This weekend my dad and I went on journey on a boat. [Journey may be an overstatement, but I like it. It sounds epic.] And be forewarned: I’m utterly exhausted, so this post lacks continuity, and all of the jokes are bad. I do like you, probably very much, so let me assure you that this post is not intended as punishment.
The first few hours of our epic journey were spent slowly maneuvering through large waves and windy gusts in the Strait of Juan de Fuca, a channel that’s exposed to the Pacific Ocean and all its temperamental weather. My head found itself slung over the edge of the boat, my hand tightly gripping the side, sick for hours on end that were punctuated by huge waves and rain pelting my face. Living in a city, I rarely think about how powerful and scary nature can be. I was reminded, somewhat pretentiously, of how nature is portrayed in creation myths: unpredictable and frightening. [Tangents!] It was refreshing to smell the sea salt and feel the cold water and wind, however– two things I hadn’t encountered in far too long.
As this unfortunate little scene of sickness was taking place, I looked up and saw pod of whales, like a beautiful mirage in a sea of vomit and 7′ waves. I think it was the most awesome/ ridiculous way I could’ve seen a pod of whales.
I digress… Because of bad weather patterns, we decided to change course and ended up mooring at Friday Harbor, a quaint but fairly lifeless town, speckled with tourist traps and bars that have gone out of business because they’re only populated during the summers, rendering them practically profitless. You look inside the cobweb-ridden windows and see the dusty beer bottles; these bars are mini ghost towns.
We went to a whale museum (yep, you read that correctly) that was charming in spite (maybe because?) of its outdated scientific knowledge. I listened to different whales’ sounds and watched them catch salmon in videos from the ’80s narrated by people who, I imagine, had big hair held in place with Aquanet. And I took fake observations in a book that was intended to teach children how to observe patterns in the natural world.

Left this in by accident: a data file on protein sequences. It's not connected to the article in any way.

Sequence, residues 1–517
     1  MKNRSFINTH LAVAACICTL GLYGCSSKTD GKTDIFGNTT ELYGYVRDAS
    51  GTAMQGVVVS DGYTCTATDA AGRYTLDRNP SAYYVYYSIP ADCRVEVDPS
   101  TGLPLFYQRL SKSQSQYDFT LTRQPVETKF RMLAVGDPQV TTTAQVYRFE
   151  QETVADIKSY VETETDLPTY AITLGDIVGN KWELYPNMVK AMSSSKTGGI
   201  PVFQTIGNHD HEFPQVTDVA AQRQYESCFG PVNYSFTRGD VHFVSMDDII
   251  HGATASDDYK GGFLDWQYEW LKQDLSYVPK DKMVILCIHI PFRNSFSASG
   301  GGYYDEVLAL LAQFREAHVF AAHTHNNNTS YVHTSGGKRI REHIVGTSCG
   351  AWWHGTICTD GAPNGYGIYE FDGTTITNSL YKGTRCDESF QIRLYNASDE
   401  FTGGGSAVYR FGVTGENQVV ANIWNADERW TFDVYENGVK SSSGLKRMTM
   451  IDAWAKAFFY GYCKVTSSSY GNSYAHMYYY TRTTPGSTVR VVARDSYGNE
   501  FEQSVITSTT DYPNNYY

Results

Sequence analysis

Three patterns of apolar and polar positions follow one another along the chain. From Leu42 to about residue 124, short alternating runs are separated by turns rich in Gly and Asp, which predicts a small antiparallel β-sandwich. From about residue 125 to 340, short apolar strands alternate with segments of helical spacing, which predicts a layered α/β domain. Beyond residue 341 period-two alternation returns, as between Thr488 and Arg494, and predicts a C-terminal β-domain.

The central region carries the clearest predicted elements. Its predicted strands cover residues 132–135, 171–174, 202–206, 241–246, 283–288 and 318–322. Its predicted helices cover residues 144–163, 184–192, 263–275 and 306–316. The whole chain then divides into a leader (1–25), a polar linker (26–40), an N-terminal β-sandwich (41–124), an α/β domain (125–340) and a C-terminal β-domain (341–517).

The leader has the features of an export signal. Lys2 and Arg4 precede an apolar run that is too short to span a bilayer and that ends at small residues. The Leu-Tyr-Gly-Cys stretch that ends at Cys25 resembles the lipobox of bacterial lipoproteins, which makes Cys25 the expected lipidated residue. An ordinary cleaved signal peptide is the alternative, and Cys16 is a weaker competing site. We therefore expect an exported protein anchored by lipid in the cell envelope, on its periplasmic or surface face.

Then my dad and I went bowling, where I scored a 40, and he only mocked me once. (That’s how good he is.) The woman rang us up as one junior (under 18) and one adult; I cannot remember the last time someone thought I was under 18, but apparently terrible bowling and Levi’s from the ’90s will do that to a 25-year-old. We laughed in our too-big bowling shoes.
What a nice thing it is to have quality time with your father when you’re not a kid anymore, and you’re both very busy. Despite the change of course and puking, the weekend was great– bizarre, unplanned, ridiculous at times, but completely wonderful. I’m glad I got to see whales, go to a weird museum, bowl, and hang out with my dad. I’m glad we got to read quietly and then have heated discussions about politics, literature, family and who’s better: Mic Jagger or Keith Richards. We heartily agreed on Keith.
How was your long weekend? If you got this far in the post, I applaud you. Brava! I hope you had the best weekend, whether it involved whales or not. lv, molly